two business people conducting an interview two business people conducting an interview

What Are Today’s Top Training Priorities?

Insights from Industry Leaders

By Carl Eidson, PhD

In the past few months, I have had the privilege of attending two of our industry’s leading professional conferences: American Society for Training & Development (ASTD) and the Society for Pharmaceutical and Biotech Trainers (SPBT).

I call this a privilege because it gave me the opportunity to meet and greet over 150 industry leaders, including VPs of organizational development, training directors, senior facilitators, and a wide range of industry consultants. I had in-depth conversations with at least 50 of these industry leaders regarding the business challenges their companies are facing. I left these two conferences with a great deal of fresh, up-to-the-minute information on the rapidly changing market conditions, recent competitive threats, latest economic challenges, and additional skills needed to succeed in the new economy that seems to be emerging following the recession.

The most interesting take-aways I gathered from these conversations were comments that revealed a lot about the new kinds of customers salespeople are trying to access and the new business climate in which leaders are trying to inspire higher levels of performance. A representative sample of these comments are shared below, most of them in response to my question, “What is your top training and development priority between now and the end of the year?”

  •  “Given the new economic pressures, tighter client budgets, and additional layers and levels of approval needed for signature, our sales training needs to prepare salespeople to add value at the customer interface, differentiate beyond our product features, and sell customized solutions that include a mix of offerings and services rather than individual products. This new kind of customer and more challenging sales environment requires a new set of skills in our salesforce, and we are not quite sure what that will look like.”
  •  “Due to budget cuts, and higher expectations on the part of shareholders, my boss and the executive team are demanding measurable results and specific business impact from all of our leadership development initiatives. It is not enough to merely offer high-quality training courses; we must strategically rethink what courses we offer to be sure we have the right curriculum over different levels of leadership, to be sure we are preparing leaders to execute our company’s strategy—and in a way that is consistent with our values.”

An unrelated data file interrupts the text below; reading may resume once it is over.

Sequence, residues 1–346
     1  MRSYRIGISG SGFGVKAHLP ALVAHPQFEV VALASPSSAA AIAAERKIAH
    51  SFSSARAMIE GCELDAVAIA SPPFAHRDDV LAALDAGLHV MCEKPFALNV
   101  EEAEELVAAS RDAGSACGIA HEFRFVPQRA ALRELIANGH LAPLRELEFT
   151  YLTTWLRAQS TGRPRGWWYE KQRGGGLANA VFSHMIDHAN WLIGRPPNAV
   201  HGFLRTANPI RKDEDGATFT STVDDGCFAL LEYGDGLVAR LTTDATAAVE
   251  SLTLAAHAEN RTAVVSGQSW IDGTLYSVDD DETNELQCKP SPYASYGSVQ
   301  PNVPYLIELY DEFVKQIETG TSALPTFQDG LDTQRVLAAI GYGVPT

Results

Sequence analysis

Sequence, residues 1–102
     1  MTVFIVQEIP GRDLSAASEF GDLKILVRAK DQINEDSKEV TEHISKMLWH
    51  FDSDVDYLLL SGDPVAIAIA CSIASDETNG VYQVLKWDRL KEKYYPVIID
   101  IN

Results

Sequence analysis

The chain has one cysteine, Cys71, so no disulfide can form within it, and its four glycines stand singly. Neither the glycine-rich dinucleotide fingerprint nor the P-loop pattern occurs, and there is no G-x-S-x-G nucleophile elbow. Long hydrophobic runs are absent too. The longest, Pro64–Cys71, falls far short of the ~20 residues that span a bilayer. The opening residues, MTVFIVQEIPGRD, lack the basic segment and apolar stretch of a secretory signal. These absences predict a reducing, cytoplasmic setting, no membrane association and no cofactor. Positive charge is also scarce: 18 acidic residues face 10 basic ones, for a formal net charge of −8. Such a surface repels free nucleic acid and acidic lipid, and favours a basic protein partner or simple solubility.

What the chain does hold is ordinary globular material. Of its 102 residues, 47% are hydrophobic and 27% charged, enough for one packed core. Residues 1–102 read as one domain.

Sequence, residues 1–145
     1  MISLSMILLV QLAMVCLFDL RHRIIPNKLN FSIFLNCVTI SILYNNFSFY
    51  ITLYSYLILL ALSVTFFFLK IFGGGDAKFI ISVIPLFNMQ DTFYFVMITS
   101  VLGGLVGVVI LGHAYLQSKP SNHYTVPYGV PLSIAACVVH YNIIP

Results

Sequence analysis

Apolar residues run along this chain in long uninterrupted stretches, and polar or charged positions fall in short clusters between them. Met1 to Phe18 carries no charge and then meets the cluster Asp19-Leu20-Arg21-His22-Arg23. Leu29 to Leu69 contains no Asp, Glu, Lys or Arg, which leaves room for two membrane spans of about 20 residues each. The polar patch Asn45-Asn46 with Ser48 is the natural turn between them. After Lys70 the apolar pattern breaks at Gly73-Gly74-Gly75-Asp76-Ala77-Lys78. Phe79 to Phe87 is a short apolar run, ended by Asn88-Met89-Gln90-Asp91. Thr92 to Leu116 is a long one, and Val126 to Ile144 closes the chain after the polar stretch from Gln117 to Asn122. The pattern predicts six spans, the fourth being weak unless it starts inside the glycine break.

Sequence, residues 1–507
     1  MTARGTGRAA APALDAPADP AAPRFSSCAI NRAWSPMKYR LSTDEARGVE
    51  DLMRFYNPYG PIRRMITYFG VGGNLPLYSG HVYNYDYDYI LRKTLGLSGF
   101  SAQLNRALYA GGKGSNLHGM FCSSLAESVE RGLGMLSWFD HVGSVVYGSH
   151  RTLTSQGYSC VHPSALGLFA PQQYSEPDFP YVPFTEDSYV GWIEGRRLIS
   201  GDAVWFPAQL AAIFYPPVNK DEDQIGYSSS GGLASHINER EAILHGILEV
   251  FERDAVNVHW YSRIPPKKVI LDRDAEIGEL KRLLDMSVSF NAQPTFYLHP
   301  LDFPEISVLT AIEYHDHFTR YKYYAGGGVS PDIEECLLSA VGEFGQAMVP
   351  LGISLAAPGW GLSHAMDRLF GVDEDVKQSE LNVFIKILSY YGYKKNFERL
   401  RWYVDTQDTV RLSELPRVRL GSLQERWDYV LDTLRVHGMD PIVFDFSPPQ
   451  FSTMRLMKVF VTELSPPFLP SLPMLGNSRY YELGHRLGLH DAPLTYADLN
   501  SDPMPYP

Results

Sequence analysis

•  “Because our revenue has declined and customers are more cautious with their spending, we need more help from our sales support staff and subject matter experts to develop skills with building trust with customers, uncovering their underlying business issues, and overcoming objections with the right kind of technical information directly linked with their concerns and sources of pain. So I guess what I am saying is that I need sales training for people who don’t consider themselves salespeople. How can we do that with our engineers, scientists, and top experts in our company? They would certainly reject the notion of sending them to traditional sales training since their professional education prepared them to make technical decisions, not influence customers.”
  •  “My problem is that managers are too busy to coach around the skills that their direct reports are learning during training. In some cases, they are too busy to attend the training, and therefore aren’t even familiar with what is covered in training. How can we find a cost-effective way to engage managers in supporting training, and encouraging their people to apply skills on the job?”
  •  “Our budget is temporarily frozen due to an upcoming merger. What are some no-cost or low-cost ways we can provide on-the-job learning experiences for our leaders?”
  •  “For the past 18 months, we have been able to do very little training due to budget cuts. Now that things are starting to turn around, we have more than a year of overdue training requests. What do you recommend for prioritizing training needs since we can’t take all of this on at the same time?”

How would you answer the question, “What are your top training and development priorities between now and the end of the year?” How is your situation the same as or different from the comments I heard at recent conferences? We want to hear from you.


Carl Eidson, PhD

Carl Eidson, PhD, is Vice President of Business Development for Wilson Learning. Dr. Eidson leads and coaches a virtual team of over 100 independent distributors stretching from Toronto to Bogotá and works extensively with clients. Dr. Eidson has coauthored articles on selecting top talent published in scholarly journals, including Journal of Applied Psychology, Human Performance, International Journal of Selection and Assessment, and Journal of Business and Psychology. He has also authored and coauthored articles on leadership, sales, virtual teams, and employee engagement in industry publications including CIO, Training magazine, and Sales Pro Magazine. Dr. Eidson is a frequent speaker at professional conferences on the topic of learning transfer and human performance improvement research and practices.